Emerging Europe’s start-up scene is thriving: new money is pouring into the market all the time. To keep you up to date with the latest investments, innovations, movers and shakers, each Monday Emerging Europe brings you a handy round-up of the region’s start-ups which closed financing rounds over the previous seven days.
SEON lands largest Series A in Hungarian history
Helping online business fight fraud has paid off for the Hungarian start-up SEON which has closed a record-setting 10 million euros funding round.
The round was led by Swedish VC Creandum who are also known for backing such success stories as Spotify, Klarna, and Bolt.
SEON is a fraud-detection solution that identifies customers by real time digital footprint analysis. This allows for fraudulent transactions to be stopped by identifying false accounts. Right now, the company says its detection accuracy is around 80 per cent.
Launched in 2017, the start-up has been profitable since 2019 and has attracted big name clients such as Patreon, AirFrance and e-gaming companies Rivalry and Ladbrokes.
The company’s founders Tamás Kádár and Bence Jendruszak have said that they will use the new funding to scale up their Budapest and London offices, hire an additional 100 team members and open up new officers in Hong Kong and Austin, Texas to break into the Asian and US markets.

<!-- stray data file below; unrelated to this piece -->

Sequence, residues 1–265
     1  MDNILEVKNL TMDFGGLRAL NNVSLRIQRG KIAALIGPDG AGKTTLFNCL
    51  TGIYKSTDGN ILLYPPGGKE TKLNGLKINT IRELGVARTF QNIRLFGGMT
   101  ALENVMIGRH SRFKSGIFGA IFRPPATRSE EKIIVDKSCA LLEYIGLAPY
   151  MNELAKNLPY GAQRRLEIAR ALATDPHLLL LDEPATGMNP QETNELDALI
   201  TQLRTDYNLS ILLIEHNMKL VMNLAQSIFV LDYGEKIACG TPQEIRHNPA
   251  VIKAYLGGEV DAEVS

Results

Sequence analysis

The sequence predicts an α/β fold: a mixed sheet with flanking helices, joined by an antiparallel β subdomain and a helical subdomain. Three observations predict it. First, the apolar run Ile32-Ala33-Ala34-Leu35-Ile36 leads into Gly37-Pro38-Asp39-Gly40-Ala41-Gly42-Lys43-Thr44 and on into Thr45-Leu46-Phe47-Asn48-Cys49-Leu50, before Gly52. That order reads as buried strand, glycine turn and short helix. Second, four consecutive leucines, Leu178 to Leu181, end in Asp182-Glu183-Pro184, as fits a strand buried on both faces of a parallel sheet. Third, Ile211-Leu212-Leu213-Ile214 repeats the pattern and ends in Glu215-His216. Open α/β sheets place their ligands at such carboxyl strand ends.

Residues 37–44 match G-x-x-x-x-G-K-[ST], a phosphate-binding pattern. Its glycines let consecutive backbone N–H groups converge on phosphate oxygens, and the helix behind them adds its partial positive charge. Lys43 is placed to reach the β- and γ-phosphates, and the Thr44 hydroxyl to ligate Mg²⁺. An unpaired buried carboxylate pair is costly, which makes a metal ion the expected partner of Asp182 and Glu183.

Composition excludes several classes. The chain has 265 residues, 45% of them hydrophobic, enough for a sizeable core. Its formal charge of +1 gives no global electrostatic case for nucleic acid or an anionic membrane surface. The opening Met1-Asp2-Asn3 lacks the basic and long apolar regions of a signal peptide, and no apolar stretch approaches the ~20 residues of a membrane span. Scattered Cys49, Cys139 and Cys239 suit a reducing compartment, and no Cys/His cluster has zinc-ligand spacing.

Polish furniture start-up Tylko closes Series C
Tylko, the AR furniture tech company from Warsaw, has closed a Series C funding round at 22 million euros. The investment comes after an extremely good year for the start-up. In 2020, Tylko’s revenue was 36 million euros and the company served 30,000 customers.
“We are impressed by Tylko’s exceptional growth and ability to scale the company as a market leader, offering new, customised solutions within the furniture market. Tylko’s strong impact-driven vision and made-to-order business model drives the market’s transition towards more sustainable solutions. By optimizing material use, production efficiency and offering customers unique, long-lasting design we believe Tylko is positioned at the forefront of such a transition,” says Mikko Kuitunen, growth partner at Evli Growth Partners, the VC fund that led the Series C along with Israel’s Pitango Growth.
According to the company, this latest investment represents confidence in Tylko’s business model which is digital-first and seeks to address the issue of the furniture industry’s contribution to climate change.
“Tylko’s vision has always been about putting the user experience first, in order to create a product that is perfectly designed, high-quality and sustainable. We believe that driving sustainability into this huge industry can only be done by creating highly desirable products that will win over customers by their features rather than certificates,” says Jacek Majewski, co-founder, Co-CEO of Tylko.
Estonian-born Skeleton Technologies is making ‘batteries on steroids’
Skeleton Technologies makes ultracapacitors, a technology bridging the gap between electrolytic capacitors and rechargeable batteries.